Once the backbone of the team under the late Jim Johnson, the Eagles’ defense was spineless in 2010 under Sean McDermott. Reid fired McDermott, moved Castillo into the coordinator spot and brought in Jim Washburn to coach the defensive line.
The new-look defensive staff will lean heavily on the NFL’s top cornerback tandem — Dominique Rodgers-Cromartie and Nnamdi Asomugha. The Eagles acquired Rodgers-Cromartie from Arizona for backup quarterback Kevin Kolb then surprised pretty much everyone in the NFL by stealing Asomugha away from the Jets and Texans in free agency. The corners are set, but there are some questions at safety. Can Nate Allen return from a knee injury? Will rookie Jaiquawn Jarrett be able to step in for Quintin Mikell at strong safety?
Washburn’s hiring led to the return of defensive end Jason Babin via free agency. Considered a first-round bust for the first six years of his career (including ’09 in Philly), Babin thrived under Washburn’s tutelage in Tennessee last year, earning his first Pro Bowl berth after racking up 12.5 sacks. Babin will team with veteran Trent Cole to form a formidable duo at defensive end.
Jamar Chaney, a seventh-round pick in 2010, steps into a starting role at linebacker, either in the middle or on the strong side. Chaney’s ability to be consistently productive will be a key for the defense. Moise Fokou seems set at one of the other linebacker spots — possibly at weak side — but there are issues finding a third starter.
For most of Reid’s tenure, Johnson’s defensive schemes favored smaller, quicker players deployed in his aggressive fire-zone blitz packages. In two years under McDermott, the Eagles simply got run over. Their pass rush was ineffective and their defensive backs and linebackers simply couldn’t cover well enough to compensate.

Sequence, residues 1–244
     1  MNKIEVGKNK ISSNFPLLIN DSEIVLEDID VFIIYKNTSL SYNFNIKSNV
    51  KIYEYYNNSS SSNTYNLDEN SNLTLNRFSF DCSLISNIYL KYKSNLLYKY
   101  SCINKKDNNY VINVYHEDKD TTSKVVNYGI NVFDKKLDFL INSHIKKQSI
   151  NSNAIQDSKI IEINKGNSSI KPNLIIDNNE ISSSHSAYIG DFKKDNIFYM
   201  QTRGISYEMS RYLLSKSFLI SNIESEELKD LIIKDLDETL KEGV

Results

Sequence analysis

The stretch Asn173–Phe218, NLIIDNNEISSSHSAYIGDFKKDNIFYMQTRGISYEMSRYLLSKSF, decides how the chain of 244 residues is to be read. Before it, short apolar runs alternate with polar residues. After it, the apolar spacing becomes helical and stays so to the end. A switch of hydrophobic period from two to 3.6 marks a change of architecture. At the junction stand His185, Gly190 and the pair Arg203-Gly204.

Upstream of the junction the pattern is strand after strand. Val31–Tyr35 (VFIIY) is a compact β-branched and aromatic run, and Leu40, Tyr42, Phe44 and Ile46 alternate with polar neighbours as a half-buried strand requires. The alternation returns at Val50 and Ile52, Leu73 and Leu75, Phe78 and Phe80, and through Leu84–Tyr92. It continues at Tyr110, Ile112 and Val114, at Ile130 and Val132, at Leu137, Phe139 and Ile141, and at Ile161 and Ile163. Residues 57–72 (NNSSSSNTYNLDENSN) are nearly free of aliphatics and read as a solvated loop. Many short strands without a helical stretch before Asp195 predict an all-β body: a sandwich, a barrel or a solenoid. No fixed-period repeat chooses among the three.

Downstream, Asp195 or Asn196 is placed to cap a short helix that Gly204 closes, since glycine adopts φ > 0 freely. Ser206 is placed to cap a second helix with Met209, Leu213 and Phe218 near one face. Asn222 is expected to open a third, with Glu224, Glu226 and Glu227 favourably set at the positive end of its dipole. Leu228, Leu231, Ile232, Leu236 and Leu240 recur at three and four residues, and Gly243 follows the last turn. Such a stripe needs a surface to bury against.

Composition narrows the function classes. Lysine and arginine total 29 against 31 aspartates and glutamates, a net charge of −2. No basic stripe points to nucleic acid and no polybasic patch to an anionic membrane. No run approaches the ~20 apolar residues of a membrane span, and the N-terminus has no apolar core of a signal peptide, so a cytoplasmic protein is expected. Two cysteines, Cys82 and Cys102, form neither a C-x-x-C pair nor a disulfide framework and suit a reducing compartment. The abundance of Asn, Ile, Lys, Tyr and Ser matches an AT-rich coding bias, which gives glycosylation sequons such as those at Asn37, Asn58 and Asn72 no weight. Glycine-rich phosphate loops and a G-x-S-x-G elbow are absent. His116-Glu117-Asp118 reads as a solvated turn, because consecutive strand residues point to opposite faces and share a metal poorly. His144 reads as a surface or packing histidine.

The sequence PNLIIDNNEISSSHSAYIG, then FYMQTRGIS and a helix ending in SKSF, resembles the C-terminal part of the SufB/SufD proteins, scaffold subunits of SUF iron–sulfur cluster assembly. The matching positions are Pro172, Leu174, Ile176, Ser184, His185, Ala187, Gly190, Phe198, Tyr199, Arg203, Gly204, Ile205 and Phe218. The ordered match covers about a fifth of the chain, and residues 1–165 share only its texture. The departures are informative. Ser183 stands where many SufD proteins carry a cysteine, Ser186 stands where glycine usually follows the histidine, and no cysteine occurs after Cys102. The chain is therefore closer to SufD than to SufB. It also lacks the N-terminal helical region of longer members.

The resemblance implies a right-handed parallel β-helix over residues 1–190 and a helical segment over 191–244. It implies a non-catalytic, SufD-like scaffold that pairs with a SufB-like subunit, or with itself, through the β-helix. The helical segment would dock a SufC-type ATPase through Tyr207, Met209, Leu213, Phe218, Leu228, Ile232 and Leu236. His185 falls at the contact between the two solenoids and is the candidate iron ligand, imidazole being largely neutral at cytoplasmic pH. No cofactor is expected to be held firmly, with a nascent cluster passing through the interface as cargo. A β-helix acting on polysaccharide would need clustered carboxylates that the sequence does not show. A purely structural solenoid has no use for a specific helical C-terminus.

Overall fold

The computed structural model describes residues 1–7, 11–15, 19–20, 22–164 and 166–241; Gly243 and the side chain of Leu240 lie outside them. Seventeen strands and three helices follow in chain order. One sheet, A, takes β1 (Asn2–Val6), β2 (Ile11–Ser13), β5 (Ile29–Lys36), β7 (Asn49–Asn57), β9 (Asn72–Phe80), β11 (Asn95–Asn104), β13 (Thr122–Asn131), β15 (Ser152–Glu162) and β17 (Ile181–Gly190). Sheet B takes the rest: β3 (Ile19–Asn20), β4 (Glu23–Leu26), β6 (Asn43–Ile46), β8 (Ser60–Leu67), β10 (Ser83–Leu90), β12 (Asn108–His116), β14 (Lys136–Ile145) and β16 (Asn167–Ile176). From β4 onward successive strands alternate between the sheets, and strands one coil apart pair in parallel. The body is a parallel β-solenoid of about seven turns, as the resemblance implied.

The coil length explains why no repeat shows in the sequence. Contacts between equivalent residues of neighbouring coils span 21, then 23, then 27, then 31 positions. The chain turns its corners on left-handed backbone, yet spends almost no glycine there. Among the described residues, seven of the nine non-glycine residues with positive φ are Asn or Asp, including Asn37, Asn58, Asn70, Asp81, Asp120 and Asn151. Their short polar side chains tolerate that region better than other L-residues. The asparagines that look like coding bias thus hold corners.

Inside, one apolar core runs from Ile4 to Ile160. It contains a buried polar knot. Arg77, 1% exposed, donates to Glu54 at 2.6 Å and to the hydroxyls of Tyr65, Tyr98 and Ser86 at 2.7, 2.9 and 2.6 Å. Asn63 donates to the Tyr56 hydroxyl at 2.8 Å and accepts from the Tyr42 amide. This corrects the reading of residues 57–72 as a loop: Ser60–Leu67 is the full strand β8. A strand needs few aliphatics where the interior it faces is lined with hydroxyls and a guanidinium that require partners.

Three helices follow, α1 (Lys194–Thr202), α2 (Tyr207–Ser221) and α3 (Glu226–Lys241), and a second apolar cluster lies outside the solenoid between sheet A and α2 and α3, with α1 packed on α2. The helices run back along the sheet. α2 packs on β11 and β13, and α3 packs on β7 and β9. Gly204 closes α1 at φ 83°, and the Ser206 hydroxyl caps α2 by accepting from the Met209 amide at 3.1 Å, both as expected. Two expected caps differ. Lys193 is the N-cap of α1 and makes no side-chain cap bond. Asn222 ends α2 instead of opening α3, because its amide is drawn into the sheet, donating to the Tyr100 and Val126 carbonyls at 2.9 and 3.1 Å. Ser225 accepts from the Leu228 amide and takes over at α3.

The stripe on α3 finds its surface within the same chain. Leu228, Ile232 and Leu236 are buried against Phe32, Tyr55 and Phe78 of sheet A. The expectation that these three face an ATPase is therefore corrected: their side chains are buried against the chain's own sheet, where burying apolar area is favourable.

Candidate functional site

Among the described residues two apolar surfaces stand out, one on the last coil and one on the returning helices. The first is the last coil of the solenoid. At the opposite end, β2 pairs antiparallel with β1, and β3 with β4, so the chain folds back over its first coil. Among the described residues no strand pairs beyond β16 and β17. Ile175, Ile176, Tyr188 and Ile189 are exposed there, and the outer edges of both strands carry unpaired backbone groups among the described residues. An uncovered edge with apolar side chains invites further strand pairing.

Pairing Asomugha and Rodgers-Cromartie at cornerback will solve the coverage issues and make everyone else’s job on defense that much easier.
Castillo says his plan is to simplify the system as much as possible and stress fundamentals — just as he did with the offensive line. “We are going to be fast and physical and we are going to be fundamentally sound,” says the new coordinator.
Kicker David Akers deserves some exit music. Although the Eagles placed the transition tag on their all-time leading scorer before the lockout, they used a fourth-round draft pick on Nebraska kicker Alex Henery, spelling the end of Akers’ 12-year tenure. Henery also punted in college, but the Eagles appear interested in him only as a placekicker. Punter Sav Rocca was released in late July. Chas Henry, an undrafted free agent from Florida, is Rocca’s likely replacement.
In Jackson and Maclin, the Eagles have two excellent return men. Reid likes to use them situationally — most famously when Jackson took a punt back to beat the Giants on the final play last season — which creates opportunities for backup players to make a mark. Cornerback Jorrick Calvin made the most of that chance last year and will get another opportunity in 2011.
For all the debate and discussion surrounding the transition from McNabb to Kevin Kolb and finally to Vick, the Eagles wound up with a 10–6 record and a first-round playoff exit — the same unsatisfactory result that got McNabb the heave-ho. Expectations are much greater this season. The Eagles have a bevy of weapons on offense and made significant upgrades on the defensive side of the ball, specifically at cornerback. The demanding Philly fans will be satisfied with nothing less than a trip to the Super Bowl.